Monday, November 23, 2009

Adam Lambert: DID YOU SEE THAT??

Okay: The Voice was a little rough but that was TOTALLY NOT THE POINT.

25 yrs ago Motown celebrated its 25th anniversary on TV (pretty novel at the time) and Michael Jackson blew everybody's mind with his moonwalk. This weekend Motown celebrated its 50th anniversary, and coincidentally everybody’s mind got blown again– but not by Motown. That happened on the American Music Awards, of all places.

America, meet Adam Lambert. Again.

Wow. Wow wow wow. ABC Television did its best to “bleep” some of those visuals but Adam was operating waaaay over their heads. The producers gave him the finale – maybe because they figured the kiddies would be in bed by that time? – which comes with the weight of its own expectations, on top of the promise of the boy’s sheer talent. The pressure on Adam was significant. But he is a pro – seizing the moment, recovering a slip seamlessly, layering shock on top of surprise.

Do I like s&m as a subject of art? Not especially. And yes, there’s an unapologetic s&m theme, both in the lyrics and unsurprisingly in the choreography, but Adam Lambert’s message to his audience is not just about sexplay. Imagine all those people who haven't seen him since he "lost" Idol? The next message they get from him is the unequivocal “For Your Entertainment” (pardon the paraphrase, I'm going from memory) -- you thought I was so soft and sweet ... it's gonna get rough for you ...
If that song isn't a shot across the bow of everything everybody thinks of American Idols, nothing ever could be. I DID NOT GET ON TV TO BE AN AMERICAN IDOL, I GOT ON AMERICAN IDOL TO BE ME.

I applaud him for every career-risking (career-making) step of it, and damn you I WON'T even stumble, I'll roll with every hazard you throw at me... That was breathtaking. In part because it was on the typically bland and pandering American Music Awards. If his much-celebrated vocal technique was a little ragged last night, well, we can forgive him: his vocal performance was quite secondary to his arrival as a significant cultural force.

Bono's had rough vocal nights that made people cry. (Hell, he's had laryngitis!) Springsteen has had rocky technical nights that he carried on sheer passion. And that's what Adam did, on adrenaline and voracious creativity. And you know what? that kind of go-for-broke, to-hell-with-pretty attitude onstage is where his rock'n'roll lives... there’s a little bit of punk in that brand of audacity. It proves his cred, for all the clubby buzz about the album.

The guy’s got ****ing stones, man...

The queer community's gonna be, Yay, Adam, standing up for us! and the artsy community's gonna be WHOA, Adam, what a throwdown! and the AI tweenies are gonna be too embarrassed to say they don't really get it to each other, but they might just ask their moms why Adam's got those boys on a leash ... and the rest of us rock'n'roll grown-ups are just gonna say, okay, the boy's got more balls than I was willing to give him credit for. AND THEY WILL ALL BUY HIS RECORD. Even if some of them have to smuggle it into the house (like my dad wouldn't let me go see Rod Stewart only after he saw him on Midnight Special in pink spandex. I guess a lot of little girls won't get tickets to Adam's first tour. LMAO)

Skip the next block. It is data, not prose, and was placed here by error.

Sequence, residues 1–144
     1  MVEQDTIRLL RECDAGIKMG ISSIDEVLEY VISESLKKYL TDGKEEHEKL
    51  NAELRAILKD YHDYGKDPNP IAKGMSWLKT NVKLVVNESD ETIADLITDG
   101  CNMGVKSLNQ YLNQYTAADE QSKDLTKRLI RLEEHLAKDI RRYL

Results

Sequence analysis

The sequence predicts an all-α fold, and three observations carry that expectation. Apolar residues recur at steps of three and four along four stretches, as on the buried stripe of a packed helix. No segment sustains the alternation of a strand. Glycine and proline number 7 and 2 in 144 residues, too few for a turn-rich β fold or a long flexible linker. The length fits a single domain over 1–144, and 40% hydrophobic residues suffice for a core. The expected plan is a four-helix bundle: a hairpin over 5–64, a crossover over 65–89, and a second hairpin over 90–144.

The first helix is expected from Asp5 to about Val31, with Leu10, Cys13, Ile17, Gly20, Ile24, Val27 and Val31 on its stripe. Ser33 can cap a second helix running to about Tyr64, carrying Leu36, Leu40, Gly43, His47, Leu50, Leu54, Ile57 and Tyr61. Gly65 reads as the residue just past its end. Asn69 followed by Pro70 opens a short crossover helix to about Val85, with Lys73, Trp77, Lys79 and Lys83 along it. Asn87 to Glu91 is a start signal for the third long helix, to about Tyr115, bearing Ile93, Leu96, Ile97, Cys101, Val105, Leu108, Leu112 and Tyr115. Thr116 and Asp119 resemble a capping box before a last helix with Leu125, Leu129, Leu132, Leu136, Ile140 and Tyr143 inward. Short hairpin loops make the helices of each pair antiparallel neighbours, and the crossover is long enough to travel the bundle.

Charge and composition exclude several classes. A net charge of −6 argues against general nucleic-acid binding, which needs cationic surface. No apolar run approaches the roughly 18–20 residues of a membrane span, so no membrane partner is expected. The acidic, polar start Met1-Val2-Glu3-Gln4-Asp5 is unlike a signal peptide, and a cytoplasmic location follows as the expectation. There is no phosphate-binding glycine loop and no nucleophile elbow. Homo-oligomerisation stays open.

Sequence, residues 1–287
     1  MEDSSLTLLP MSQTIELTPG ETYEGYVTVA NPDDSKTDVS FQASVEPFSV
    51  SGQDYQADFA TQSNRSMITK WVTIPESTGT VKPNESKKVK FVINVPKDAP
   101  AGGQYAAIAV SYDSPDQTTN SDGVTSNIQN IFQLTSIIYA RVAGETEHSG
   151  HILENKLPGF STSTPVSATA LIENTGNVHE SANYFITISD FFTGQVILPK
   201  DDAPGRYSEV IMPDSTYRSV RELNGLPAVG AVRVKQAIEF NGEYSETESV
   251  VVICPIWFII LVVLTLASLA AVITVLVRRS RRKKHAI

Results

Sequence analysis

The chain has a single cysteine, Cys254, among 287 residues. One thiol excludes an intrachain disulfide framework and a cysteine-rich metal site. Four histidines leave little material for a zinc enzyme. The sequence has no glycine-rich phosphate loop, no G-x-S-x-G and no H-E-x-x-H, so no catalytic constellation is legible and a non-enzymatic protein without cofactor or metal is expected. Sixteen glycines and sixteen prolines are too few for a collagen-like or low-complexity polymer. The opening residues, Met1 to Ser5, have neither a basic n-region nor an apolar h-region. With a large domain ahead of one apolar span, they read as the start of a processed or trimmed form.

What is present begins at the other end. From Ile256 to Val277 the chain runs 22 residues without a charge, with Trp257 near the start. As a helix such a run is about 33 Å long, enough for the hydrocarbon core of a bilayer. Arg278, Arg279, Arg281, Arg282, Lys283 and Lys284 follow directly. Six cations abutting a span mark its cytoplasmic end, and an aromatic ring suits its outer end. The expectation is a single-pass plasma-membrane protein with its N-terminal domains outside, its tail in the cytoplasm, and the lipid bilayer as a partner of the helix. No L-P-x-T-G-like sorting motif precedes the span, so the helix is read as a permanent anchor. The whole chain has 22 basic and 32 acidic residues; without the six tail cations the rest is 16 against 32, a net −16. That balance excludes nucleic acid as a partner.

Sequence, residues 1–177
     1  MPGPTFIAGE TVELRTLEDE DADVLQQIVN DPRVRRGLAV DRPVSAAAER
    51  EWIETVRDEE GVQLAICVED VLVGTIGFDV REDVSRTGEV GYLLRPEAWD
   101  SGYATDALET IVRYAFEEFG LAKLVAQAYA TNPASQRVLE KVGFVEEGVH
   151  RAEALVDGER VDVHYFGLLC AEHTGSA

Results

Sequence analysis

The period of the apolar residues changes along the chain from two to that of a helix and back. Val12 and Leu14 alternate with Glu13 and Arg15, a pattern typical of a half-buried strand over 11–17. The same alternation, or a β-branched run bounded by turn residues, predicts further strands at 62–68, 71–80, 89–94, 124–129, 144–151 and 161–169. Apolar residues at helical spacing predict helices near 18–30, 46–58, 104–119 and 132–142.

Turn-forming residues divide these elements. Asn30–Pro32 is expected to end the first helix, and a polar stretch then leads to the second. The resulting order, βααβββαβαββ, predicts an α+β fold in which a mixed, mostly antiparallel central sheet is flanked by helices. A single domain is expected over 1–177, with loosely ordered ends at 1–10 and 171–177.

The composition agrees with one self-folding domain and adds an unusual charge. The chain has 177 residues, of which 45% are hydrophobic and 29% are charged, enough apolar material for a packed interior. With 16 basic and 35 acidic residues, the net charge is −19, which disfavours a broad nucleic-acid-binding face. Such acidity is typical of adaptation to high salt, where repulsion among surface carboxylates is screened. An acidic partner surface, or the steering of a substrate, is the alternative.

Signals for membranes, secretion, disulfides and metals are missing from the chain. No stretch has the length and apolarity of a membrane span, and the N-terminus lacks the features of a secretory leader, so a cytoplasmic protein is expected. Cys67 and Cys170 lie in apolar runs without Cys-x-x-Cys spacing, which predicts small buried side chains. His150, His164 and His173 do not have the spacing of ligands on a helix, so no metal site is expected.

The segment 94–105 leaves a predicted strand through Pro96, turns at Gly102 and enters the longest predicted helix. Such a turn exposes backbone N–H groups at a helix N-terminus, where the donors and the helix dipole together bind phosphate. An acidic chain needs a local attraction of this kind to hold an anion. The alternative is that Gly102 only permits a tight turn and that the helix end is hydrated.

Wow, again. That was insane. That was the "insanely good" his fans wanted it to be, but even they couldn’t have expected this. He didn't have to prove he could sing pretty. The whole world already knows that. What he needed was to break through every last box that people thought they could put him in. The enemy of the Artist is the very idea of "nice." People now know ... or at least, suspect ... that as gentlemanly as he may be, his art has no intention of being nice.

Watching him sing made it clear for me that he wasn't after all singing about S&M, he was singing about his art, about creative freedom, and the imagery was his symbol for the rough and dangerous ride ahead (and okay, yeah, he also likes naughty sex). I am so thrilled for him, and proud of him, and a little protective of him -- because he was naked out there, man -- that was 110% of him.

This morning I caught his little post-show interview with Access Hollywood. Completely calm, assured, a little cheeky, and utterly unconcerned about any viewers he might have alienated. “If you were offended … then maybe I’m not for you.” Shrug.

I think we are witnessing the making of a superstar. Done and done.

The legend begins…

Friday, November 13, 2009

IT MIGHT GET LOUD; or, a Note of Contrition to Edge from a Rock'n'Roll Penitent

File under: ZooTV Confessional.

I think I’ve been taking Edge for granted all these years. Not his art, or his virtuosity, or his unmistakeable personal style … we all know Edge is as much “the sound of U2” as Bono’s vocals. But I think – well, this is Confession, so I know – that I have failed to connect Edge the man (read: his heart) with the interplanetary fire, rage, and tenderness that come out of his guitar. It's as if the guitars were playing the man. I’ve failed to feel the soul of Edge as I have so painfully and gratefully felt the soul of his literate bandmate, Bono.

Until I saw this movie. If you’re a guitar freak; if you’re a rock’n’roll fiend; if you’re a fan of White Stripes OR Raconteurs OR U2 OR Zeppelin, you will love It Might Get Loud. It’s built on a High Concept: find 3 rock guitar icons of 3 distinct generations; let each of them talk about The Guitar; and then put them together in a room, with a bunch of their favourite instruments and amps. It’s a little bit precious, a little bit self-conscious… but the 3 musicians are young Jack White, Renaissance man and demographic representative of a generation that knows not the liberating magic of the electric guitar; Jimmy Page, snowy-haired Lord of the Sex-Drugs’n’rock’n’roll Manor; and our beloved soft-spoken guitar geek, Edge.